The yoke 24 may be detachable from the blade portion 6 and/or the rotor 10 using conventional bolts or quick release catches. This may allow the blade portion 6 and/or the generator 8 to be removed easily for maintenance or replacement. Alternatively, the entire module 2 may be removable using suitable brackets which attach to the frame.
As an illustration, an axial flux generator, constructed to match the output of a turbine with a swept area of ∼0.75m2
, was mounted in a frame consisting of rectangular cross-section aluminium tubing, of cross-sectional outer dimensions 50mmx25mm. The top of the generator had a height of -65mm above the neutral axis of the frame member, which thus corresponded to the minimum distance for a conventional coupling arrangement. In contrast, by using the yoke 24 described previously, the blade portion 6 can be attached between the generator and the lower rail 4b, at a distance of -9mm from the surface of the beam, or <22mm from its neutral axis, corresponding to a reduction in torque (and hence tendency to twist) on the box-section frame member, of approximately 66%.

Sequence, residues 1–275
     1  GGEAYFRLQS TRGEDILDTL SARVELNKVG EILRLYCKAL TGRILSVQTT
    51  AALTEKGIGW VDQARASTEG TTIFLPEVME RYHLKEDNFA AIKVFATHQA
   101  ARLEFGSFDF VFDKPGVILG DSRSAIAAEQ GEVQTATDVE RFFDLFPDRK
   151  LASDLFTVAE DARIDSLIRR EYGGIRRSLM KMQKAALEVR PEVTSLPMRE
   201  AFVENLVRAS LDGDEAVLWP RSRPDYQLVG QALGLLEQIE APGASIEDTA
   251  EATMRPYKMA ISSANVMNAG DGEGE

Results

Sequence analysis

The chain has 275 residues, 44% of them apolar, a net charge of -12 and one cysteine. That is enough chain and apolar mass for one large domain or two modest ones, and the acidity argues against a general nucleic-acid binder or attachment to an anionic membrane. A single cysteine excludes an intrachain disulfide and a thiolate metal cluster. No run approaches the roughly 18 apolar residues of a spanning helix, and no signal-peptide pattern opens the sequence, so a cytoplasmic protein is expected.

An embodiment of the shaft will now be described with reference to Figures 8 to 13. The shaft 114 shown therein may be used with the yoke arrangement described previously or may be used with conventional modules.
The shaft 114 comprises a central pin or rod 34 and an outer sleeve 36 within which the central pin 34 is disposed (see Figure 10).
The central pin 34 is cylindrical and substantially solid along its length. The outer sleeve 36 is tubular and has an internal diameter which is sized to receive the central pin 34 such that the central pin 34 and outer sleeve 36 are arranged concentrically. As shown, the central pin 34 has a greater axial length than the outer sleeve 36 such that a portion of the central pin 34 extends out of the outer sleeve 36. Both the central pin 34 and outer sleeve 36 (or at least a part thereof) are formed from conductive metals. For example, a medium/high strength aluminium alloy may be used, but other shaft materials including, but not limited to, copper, brass or steel may also be used.